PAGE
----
TONY STEWART, NO. 14 MOBIL 1/BASS PRO SHOPS CHEVROLET SS – FINISHED FOURTH. TELL US ABOUT THE LAST LAP HOW IT PLAYED OUT IN YOUR MIND AND WHAT MOVES YOU COULD HAVE MADE/SHOULD HAVE MADE? “That is why I haven’t won a Daytona 500 yet. I’m not quite sure exactly which move to make. I saw the No. 22 coming on the bottom. I thought they were going fast enough that I needed to move down, but I should have stayed where I was at. We’ve got a good car anybody that questions whether Mobil 1 is the best lubricant brand in the world all they had to do was watch the first 20 laps of that race. We proved it by going to the back, going to the front, going to the back, going to the front. We’ve got really good race cars. I’m really proud of the Hendrick engine department and everybody at Stewart-Haas. To go through the winter these guys have gone through and trying to build cars at the last minute because of the shortage of parts and to bring two cars down here that are this fast. I’m really proud of our organization right now.”
WHAT HAPPENED EARLY IN THE RACE WHEN THE BIG WRECK BROKE LOOSE? “I got a big run on the No. 20 and I went to the bottom. I thought I was clear. The spotter did not clear me so I went on my own. I thought I had enough of a run to be clear of the third-place guy. I’m pretty sure I clipped whoever was in third. I made a move for the lead and probably was a little anxious too early. I was kind of stagnant where I was at and I was having fun moving forward and felt racy.”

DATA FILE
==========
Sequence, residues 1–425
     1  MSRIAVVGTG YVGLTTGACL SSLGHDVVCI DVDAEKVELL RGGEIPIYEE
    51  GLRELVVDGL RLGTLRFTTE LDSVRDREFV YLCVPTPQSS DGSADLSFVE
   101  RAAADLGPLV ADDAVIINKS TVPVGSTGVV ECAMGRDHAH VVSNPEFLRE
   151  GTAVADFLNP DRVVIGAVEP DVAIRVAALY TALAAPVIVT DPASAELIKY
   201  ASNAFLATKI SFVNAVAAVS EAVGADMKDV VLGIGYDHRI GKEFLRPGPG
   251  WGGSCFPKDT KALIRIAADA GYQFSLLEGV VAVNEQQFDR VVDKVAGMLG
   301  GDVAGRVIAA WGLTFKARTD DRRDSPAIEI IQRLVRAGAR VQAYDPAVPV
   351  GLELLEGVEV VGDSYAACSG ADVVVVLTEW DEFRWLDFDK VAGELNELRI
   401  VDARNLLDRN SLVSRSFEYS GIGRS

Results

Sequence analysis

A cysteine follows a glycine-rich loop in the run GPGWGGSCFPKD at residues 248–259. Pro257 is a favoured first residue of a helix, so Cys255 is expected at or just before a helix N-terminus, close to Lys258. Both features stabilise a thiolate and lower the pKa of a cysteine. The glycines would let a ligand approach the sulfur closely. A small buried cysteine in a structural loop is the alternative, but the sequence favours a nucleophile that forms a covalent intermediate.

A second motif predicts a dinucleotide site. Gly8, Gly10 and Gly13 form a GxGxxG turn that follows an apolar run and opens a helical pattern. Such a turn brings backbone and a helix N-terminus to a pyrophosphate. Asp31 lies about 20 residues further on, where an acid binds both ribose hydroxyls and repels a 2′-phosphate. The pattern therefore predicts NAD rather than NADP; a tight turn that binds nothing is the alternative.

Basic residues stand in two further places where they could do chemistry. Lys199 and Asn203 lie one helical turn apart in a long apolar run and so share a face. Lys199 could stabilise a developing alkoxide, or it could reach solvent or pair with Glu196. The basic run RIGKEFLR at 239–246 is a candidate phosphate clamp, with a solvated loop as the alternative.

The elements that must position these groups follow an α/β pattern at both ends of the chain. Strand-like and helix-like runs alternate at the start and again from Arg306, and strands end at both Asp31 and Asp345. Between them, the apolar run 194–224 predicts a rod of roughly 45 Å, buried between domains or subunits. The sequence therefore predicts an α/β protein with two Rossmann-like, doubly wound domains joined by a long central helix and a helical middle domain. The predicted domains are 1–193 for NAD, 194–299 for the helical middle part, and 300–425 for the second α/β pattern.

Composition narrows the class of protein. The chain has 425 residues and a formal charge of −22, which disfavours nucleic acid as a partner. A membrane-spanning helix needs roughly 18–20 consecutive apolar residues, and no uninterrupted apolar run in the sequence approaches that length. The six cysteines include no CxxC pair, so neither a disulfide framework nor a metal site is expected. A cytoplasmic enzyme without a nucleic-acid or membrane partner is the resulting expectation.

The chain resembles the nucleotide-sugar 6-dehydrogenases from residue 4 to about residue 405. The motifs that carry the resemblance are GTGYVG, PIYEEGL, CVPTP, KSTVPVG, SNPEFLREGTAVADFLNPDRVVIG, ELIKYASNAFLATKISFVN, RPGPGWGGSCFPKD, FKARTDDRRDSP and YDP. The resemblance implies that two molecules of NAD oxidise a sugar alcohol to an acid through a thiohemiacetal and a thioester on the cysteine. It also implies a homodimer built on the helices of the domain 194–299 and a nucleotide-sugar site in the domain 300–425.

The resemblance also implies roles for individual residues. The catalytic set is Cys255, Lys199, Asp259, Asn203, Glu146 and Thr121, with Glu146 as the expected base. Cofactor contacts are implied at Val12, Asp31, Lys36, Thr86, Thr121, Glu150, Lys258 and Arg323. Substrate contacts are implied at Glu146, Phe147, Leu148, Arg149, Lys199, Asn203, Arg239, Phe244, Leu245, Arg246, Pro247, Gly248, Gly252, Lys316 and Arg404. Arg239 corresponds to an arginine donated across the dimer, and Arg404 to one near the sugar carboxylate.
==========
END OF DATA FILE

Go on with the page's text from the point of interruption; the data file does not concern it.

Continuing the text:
WHAT DID YOU LEARN TONIGHT ABOUT THIS NEW GEN-6 RACE CAR? “We learned a lot. The good thing is we’ve got 500 miles to get it done this weekend. We learned a lot that will help us going into Sunday. Really proud of our team and organization that we were able to bring two really good cars like this down here. This thing was fast today.”
LAP 15 YOU GOT TO USE SOME DIRT TRACK EXPERIENCE WHAT HAPPENED? “I self-cleared myself I guess, I went down before the spotter cleared me. I thought I had a big enough run that I cleared second, but I obviously hadn’t and I just barely nicked him. I just need about two more inches.”
WHAT ARE YOUR FIRST THOUGHTS ON THE WAY THE NEW CAR RACED TONIGHT? “It is like nobody has missed a beat. It’s almost like it’s not even a new car as far as how comfortable everybody got. I think everybody was pretty solid right off the bat. I think if it gets warm it could make this interesting and put it back in our hands again. It’s still a chess match. You’ve still got to play chess.”
YOU HAD A PRETTY EVENTFUL EVENING IF YOU COULD JUST TALK ABOUT THAT: “Self-cleared myself in (turn) one and wasn’t. I don’t think I was clear obviously. I clipped whoever was in third. When Dale (Earnhardt) Jr. came down to the middle where he was at made me really tight. I got up into him and then I got into him and couldn’t get off of him, bounced off of him about three times. I made sure our spotter told him what happened, but I definitely was in enough interesting spots tonight for sure and most of them I put myself in.”